Investment in Africa starts to pay off
Widespread perceptions of corruption and violence do not deter some Western firms from putting money into African nations - often with impressive results.
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(Fortune) -- Read the news about civil war in Kenya, unrest in Chad, or genocide in Darfur, and you could conclude that Africa is no place to invest money.
But behind the headlines lies business opportunity. Africa's economy is growing at 5 to 6% a year. Inflation is down. Prices are rising for commodities like oil, copper and gold.
Like all emerging markets, Africa is a risky place to invest but "the perceived risk is greater than the actual risk," says Tom Gibian, the chief executive of Emerging Capital Partners (ECP), a private equity firm based in Washington, D.C., that focuses on Africa.
The firm has invested more than $1.2 billion in several Africa funds since 1999. It has invested in 48 companies, exited from 18, recouped more than $600 million and posted an average return of three times its initial investment. "The financial performance has been terrific," Gibian says.
Among the big winners:
--CelTel, a mobile phone company with customers in 13 countries including Kenya and Uganda, as well as such very poor countries as Niger and Chad. ECP bought $50 million of stock beginning in 2000, and received about $215 million when CelTel was sold to a Kuwaiti firm five years later.
--Ecobank, a regional banking group based in Togo. ECP acquired about $12 million of stock beginning in 1999, took a seat on the bank's board, and sold for about $36 million in 2006.
--Societe International de Plantations D'Heveas, a rubber exporter with operations in Ghana and the Ivory Coast that subsequently acquired a Michelin plantation in Nigeria. ECP invested $14.8 million in stock and convertible notes in 2005, and sold for $48.1 million in 2007.
They've had losers, too, of course. A voice-over-Internet phone venture failed, as did a South African over-the-air television network.
Broadly, though, African companies have been aided by increasing efforts by government leaders to promote capital markets, private investment and trade. "The real news in Africa," Gibian says, "is that over the last five years, virtually every country, their presidents, and even the leaders of the opposition parties, have gotten on the same page regarding the primacy of the private sector, the need to deregulate, and the importance of attracting foreign investment. Centralized planning, state control of assets and socialistic rhetoric, for the most part, are dead. Market forces have won."
That's probably an overstatement. Africa's "overall level of economic freedom is weaker than any other region's," according to the Heritage Foundation's 2008 Index of Economic Freedom, which says the region "performs especially poorly in terms of property rights, freedom from corruption and business freedom."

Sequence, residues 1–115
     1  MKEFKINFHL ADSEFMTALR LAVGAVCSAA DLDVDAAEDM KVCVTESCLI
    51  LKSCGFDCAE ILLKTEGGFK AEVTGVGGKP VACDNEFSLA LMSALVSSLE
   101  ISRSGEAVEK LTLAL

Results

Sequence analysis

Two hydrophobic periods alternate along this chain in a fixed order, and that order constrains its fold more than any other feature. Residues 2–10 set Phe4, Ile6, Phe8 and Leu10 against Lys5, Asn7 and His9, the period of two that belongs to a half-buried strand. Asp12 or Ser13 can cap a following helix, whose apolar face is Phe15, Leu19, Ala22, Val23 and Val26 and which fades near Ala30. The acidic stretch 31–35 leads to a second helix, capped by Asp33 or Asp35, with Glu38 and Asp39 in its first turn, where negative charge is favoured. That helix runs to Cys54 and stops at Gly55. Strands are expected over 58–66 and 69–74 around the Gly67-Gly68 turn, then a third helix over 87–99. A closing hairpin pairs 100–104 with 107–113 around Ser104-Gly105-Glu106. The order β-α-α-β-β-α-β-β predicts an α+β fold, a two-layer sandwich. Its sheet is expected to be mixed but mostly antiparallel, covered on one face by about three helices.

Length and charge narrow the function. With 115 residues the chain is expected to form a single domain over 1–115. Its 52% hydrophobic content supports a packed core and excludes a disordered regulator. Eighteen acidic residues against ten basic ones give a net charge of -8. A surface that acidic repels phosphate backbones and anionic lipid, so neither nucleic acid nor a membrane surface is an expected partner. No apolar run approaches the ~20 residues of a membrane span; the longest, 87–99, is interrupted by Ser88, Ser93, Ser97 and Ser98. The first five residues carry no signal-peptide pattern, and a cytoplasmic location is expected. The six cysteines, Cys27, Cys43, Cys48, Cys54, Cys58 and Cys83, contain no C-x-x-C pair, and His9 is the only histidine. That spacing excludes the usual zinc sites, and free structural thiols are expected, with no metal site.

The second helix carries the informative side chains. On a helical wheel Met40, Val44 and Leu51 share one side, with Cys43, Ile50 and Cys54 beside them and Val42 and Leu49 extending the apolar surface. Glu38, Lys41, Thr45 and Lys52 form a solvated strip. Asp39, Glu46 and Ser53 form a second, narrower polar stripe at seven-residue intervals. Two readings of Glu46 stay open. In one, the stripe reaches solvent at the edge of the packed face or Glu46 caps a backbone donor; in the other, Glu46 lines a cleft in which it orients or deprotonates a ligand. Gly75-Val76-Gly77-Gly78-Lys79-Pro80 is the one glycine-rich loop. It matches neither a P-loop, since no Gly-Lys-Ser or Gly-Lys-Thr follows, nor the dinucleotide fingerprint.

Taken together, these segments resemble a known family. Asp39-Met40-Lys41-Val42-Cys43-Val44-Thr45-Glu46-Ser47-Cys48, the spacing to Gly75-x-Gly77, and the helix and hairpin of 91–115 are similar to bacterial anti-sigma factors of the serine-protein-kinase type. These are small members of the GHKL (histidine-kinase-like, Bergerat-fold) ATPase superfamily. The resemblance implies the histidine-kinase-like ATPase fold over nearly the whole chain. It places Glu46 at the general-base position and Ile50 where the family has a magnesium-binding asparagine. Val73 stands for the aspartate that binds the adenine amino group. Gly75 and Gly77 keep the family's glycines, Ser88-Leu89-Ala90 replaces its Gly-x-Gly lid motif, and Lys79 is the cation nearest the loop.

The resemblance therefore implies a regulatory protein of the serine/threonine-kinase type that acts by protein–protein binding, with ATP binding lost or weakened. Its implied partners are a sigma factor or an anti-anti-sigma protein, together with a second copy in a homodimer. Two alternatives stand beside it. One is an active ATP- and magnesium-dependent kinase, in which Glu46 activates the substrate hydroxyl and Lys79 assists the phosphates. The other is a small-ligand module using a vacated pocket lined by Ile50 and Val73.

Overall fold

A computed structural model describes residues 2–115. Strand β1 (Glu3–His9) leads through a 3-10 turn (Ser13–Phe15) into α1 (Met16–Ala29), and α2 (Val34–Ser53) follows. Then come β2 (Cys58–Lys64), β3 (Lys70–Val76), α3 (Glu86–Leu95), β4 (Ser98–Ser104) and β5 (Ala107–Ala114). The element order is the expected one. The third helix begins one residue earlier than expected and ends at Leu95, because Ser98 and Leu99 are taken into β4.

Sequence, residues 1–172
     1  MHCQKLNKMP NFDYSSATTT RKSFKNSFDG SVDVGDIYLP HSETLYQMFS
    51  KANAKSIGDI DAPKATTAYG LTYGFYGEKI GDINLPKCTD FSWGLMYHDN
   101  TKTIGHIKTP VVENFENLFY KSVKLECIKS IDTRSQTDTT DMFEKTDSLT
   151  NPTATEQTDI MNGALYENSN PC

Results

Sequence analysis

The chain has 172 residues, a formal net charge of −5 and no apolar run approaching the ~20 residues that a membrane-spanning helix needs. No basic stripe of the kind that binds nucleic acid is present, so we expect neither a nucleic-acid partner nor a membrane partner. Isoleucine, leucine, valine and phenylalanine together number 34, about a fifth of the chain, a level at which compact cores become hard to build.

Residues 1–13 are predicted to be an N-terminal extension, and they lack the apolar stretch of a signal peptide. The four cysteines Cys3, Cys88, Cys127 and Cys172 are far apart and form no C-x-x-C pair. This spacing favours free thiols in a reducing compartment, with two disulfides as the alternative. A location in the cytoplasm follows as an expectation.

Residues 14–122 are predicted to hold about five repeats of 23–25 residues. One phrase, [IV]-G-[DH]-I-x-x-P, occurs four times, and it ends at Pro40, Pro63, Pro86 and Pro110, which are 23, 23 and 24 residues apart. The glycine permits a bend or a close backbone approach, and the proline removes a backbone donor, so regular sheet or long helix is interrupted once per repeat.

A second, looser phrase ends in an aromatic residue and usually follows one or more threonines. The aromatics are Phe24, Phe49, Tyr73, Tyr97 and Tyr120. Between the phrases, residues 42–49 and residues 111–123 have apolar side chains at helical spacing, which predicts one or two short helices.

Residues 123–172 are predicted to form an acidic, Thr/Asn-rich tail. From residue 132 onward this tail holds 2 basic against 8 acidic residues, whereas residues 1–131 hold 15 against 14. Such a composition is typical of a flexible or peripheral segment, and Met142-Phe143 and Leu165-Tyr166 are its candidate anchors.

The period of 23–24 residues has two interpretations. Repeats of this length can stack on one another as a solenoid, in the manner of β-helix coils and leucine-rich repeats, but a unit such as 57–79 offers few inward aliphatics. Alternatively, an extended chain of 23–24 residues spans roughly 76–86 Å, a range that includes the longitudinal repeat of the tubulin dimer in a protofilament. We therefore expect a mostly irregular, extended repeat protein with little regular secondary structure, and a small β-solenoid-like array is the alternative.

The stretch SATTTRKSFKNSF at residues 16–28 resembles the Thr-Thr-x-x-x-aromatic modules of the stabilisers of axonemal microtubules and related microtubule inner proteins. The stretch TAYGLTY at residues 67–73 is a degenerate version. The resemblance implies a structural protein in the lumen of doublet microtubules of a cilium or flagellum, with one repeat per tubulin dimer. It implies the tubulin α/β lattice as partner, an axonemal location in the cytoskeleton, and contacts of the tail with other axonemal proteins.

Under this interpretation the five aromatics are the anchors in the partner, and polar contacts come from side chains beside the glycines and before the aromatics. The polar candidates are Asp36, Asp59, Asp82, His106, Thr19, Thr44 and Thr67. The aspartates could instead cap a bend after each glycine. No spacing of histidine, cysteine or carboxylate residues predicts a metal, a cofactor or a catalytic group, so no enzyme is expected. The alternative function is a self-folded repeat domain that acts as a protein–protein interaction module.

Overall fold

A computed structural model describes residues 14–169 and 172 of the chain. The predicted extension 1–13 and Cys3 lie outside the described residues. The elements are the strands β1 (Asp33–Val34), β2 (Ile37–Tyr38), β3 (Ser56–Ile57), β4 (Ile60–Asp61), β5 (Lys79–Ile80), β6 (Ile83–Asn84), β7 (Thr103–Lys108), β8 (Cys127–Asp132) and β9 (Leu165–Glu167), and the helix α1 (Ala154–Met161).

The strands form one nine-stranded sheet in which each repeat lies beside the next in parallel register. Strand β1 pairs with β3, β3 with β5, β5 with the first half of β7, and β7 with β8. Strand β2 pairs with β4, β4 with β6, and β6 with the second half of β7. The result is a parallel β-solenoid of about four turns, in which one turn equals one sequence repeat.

But most experts believe that the business climate is improving. To spread its risks, ECP invests in about 30 countries and various economic sectors. It has more money invested in Nigeria, Africa's most populous country, than any other. Telecom is the funds' biggest sector, accounting for about 30% of its portfolio. The firm has also invested in banks, mining companies, ports and airlines.
Some of its deals could have a big impact if they play out as planned. Two years ago, ECP invested $35 million in Nortore Chemicals, which is rebuilding an abandoned fertilizer plant in the Niger Delta that will use Nigeria's abundant natural gas to make nitrogen fertilizer. If all goes well, after production begins this spring, the plant will make fertilizer for about $100 a ton, a bargain price in Africa that will benefit local farmers. But the previous plant was shuttered because of corruption and neglect, so there are no guarantees.
ECP has 17 of 27 investment professionals based in five offices across Africa. Many are Africans. "You don't pay a visit and then spend $80 million," Gibian says.
Gibian and his chief operating officer, Hurley Doddy, are experienced global investors. Gibian, 54, spent 12 years at Salomon Brothers and Goldman Sachs Asia before joining Emerging Markets Partnerships, an investment firm which created ECP, in 1995. Doddy, 44, worked for Sumitomo Finance and Salomon Brothers in London, Tokyo and Sao Paulo.
They say they can get advantageous terms in their deals because African firms are hungry for capital. "The supply-demand equation for funding is tilted towards the supplier," Gibian says. "If you're a businessman in Kenya and you need $25 or 30 million in equity, there aren't a lot of places to go."
That could change as other investors move in. At the end of a five-day visit to Africa last November, U.S. Treasury Secretary Hank Paulson said that the U.S.'s Overseas Private Investment Corp. would provide up to $250 million in seed money to start three new Africa investment funds. Doddy says that's fine: "We're building a track record that is helping to show that Africa's a good place to invest. We want more people to ask: How can we get in on this game?"
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